Research on St Joseph’s Hospital in Limerick wins prestigious history award

Triona Waters with president of the Royal College of Physicians Professor Mary Horgan

Triona Waters with president of the Royal College of Physicians Professor Mary Horgan

DOCTORATE research carried out at Mary Immaculate College that looks at the history of St Joseph’s Psychiatric Hospital and its medical records has been given a prestigious award.

PhD researcher Triona Waters received the Royal College of Physician’s Kirkpatrick Medical History research award for her study on the history of the hospital.  This hospital, which was formerly known as the Limerick District Lunatic Asylum,  was founded in 1827. 

Ms Water’s paper, ‘Remedying the ‘growing evil’: the curable and incurable patients of the Limerick District Lunatic Asylum, 1827-1887', focused not only on the nineteenth century records of the hospital but also on a 2017 inspection on Unit 5B at the University Hospital Limerick. 

“By using both the 1800s records and the 2017 reports, it became clear there is still such a need for mental health care facilities today, just as much as there was in early 1827, when the asylum first opened,” Ms Waters said. 

“Despite the acknowledged best efforts of staffing, poor conditions and overcrowding remain to be most problematic when trying to meet the needs of necessitous Limerick families concerning mental health care provisions.”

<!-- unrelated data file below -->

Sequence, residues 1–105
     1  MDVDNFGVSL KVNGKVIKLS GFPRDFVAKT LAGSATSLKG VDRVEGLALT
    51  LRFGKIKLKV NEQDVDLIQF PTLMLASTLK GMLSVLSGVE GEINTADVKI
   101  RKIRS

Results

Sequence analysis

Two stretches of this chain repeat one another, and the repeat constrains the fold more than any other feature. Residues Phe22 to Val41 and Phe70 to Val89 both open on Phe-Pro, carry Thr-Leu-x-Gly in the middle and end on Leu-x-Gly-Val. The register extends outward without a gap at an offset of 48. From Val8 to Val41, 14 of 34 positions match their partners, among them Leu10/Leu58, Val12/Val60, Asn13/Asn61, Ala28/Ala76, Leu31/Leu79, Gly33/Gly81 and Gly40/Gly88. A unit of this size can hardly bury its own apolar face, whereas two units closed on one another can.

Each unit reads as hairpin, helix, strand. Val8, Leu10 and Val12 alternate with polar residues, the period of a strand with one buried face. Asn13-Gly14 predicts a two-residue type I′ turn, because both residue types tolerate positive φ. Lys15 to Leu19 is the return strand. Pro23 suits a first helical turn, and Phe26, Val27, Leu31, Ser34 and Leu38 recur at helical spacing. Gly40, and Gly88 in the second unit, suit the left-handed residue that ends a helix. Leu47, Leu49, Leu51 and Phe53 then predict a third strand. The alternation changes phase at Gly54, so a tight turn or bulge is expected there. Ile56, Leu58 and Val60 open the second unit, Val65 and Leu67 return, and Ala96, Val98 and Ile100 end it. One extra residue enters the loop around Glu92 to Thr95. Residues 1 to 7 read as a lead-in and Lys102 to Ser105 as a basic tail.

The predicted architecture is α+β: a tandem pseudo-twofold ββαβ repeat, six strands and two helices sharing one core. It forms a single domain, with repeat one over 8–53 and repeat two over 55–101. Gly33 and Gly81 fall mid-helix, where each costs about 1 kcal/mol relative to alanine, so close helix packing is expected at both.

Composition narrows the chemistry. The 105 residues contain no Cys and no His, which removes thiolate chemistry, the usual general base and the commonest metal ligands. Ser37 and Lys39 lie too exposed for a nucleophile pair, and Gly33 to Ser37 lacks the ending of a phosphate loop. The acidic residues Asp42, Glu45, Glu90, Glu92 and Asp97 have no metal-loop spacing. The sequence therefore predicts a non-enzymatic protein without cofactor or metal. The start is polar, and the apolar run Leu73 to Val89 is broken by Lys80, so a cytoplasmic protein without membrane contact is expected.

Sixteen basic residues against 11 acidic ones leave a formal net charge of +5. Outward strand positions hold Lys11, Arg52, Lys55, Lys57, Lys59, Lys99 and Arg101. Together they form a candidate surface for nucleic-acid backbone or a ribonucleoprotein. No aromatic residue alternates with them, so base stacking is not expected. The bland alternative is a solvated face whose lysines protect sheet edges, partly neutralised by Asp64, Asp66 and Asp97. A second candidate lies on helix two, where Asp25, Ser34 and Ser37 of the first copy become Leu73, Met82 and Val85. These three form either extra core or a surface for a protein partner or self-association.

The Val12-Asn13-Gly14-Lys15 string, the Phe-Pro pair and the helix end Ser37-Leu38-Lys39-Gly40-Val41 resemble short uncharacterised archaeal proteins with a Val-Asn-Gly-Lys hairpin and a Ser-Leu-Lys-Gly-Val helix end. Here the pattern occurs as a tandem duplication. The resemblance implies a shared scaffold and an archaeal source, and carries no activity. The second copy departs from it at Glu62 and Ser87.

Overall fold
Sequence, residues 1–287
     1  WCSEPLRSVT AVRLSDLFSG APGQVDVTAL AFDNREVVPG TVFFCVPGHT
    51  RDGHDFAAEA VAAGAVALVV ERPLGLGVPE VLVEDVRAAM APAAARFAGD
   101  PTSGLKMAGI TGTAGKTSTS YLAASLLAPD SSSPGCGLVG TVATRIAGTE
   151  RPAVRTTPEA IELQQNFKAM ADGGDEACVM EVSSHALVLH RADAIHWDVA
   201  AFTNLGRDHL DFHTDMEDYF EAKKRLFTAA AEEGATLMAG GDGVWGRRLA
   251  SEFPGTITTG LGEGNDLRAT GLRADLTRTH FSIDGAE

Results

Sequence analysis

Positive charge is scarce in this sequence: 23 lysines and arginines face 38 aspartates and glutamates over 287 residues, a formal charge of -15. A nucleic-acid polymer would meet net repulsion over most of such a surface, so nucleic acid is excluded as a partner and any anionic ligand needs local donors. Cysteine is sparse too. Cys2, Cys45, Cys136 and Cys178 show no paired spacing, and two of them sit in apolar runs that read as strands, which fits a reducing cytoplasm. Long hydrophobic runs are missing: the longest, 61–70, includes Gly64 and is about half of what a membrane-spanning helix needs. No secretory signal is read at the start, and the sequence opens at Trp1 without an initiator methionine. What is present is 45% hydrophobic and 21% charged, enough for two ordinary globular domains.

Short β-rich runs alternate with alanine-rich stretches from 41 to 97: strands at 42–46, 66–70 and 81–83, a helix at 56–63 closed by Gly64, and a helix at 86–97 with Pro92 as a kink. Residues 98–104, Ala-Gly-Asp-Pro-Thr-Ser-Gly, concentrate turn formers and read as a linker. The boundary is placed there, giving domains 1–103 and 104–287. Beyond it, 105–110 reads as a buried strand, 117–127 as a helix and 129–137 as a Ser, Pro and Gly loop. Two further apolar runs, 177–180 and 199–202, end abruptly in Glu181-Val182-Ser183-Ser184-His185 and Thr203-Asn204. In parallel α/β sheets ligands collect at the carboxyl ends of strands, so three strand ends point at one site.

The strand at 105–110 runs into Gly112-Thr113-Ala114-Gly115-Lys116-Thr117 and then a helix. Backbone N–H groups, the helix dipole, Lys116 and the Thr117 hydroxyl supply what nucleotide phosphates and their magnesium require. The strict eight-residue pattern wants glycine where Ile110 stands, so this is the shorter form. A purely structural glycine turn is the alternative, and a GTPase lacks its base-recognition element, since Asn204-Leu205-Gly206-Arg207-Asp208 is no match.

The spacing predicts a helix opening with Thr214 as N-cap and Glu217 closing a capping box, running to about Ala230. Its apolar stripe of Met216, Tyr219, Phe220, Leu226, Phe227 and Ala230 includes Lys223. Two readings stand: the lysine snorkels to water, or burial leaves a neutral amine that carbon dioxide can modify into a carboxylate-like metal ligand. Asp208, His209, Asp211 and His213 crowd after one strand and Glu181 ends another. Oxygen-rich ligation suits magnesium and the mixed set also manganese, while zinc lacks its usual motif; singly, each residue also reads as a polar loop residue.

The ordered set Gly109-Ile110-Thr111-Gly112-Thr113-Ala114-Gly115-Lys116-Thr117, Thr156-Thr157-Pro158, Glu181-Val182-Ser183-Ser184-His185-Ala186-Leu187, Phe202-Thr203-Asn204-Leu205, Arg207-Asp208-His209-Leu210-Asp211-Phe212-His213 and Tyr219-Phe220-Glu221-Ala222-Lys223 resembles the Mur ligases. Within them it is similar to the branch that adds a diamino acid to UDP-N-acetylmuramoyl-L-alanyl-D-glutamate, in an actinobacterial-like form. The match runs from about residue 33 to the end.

The Kirkpatrick Medical Research Award was an open competition to medical historians and researching practitioners, with four finalists chosen to present their research. 

Papers were presented at the Royal College of Physicians in front of a large audience and panel of judges, which included Ireland’s renowned Clinician and Medical Historian Professor Brendan Kelly. 

Shortlisted were researchers were chosen from Oxford University, University of Strasbourg, France, and Trinity College, Dublin, as well as Ms Waters. 

”This is quite a prestigious award and winning it helps not only promote post-graduate research at MIC and UL, but also the importance of preserving medical records, which is what the Limerick City and County Council archives and archivist Jacquí Hayes are doing,” Ms Waters said. 

Ms Waters, whose parents are psychiatric nurses and brother is a senior psychologist in Oxford, grew up in Ballinasloe, Galway, where due to her parents profession she had access to St Brigid's Psychiatric Hospital. 

The findings of her study on the history of St Joseph's Psychiatric Hospital and its medical records is expected to be published next year.

Ms Waters is a PhD researcher in Psychiatric History and Departmental Assistant with the Department of History at MIC. She is supervised at MIC by Dr Maura Cronin (MIC), Dr Úna Ní Bhroiméíl (MIC) and Dr Sarah-Anne Buckley (NUIG).

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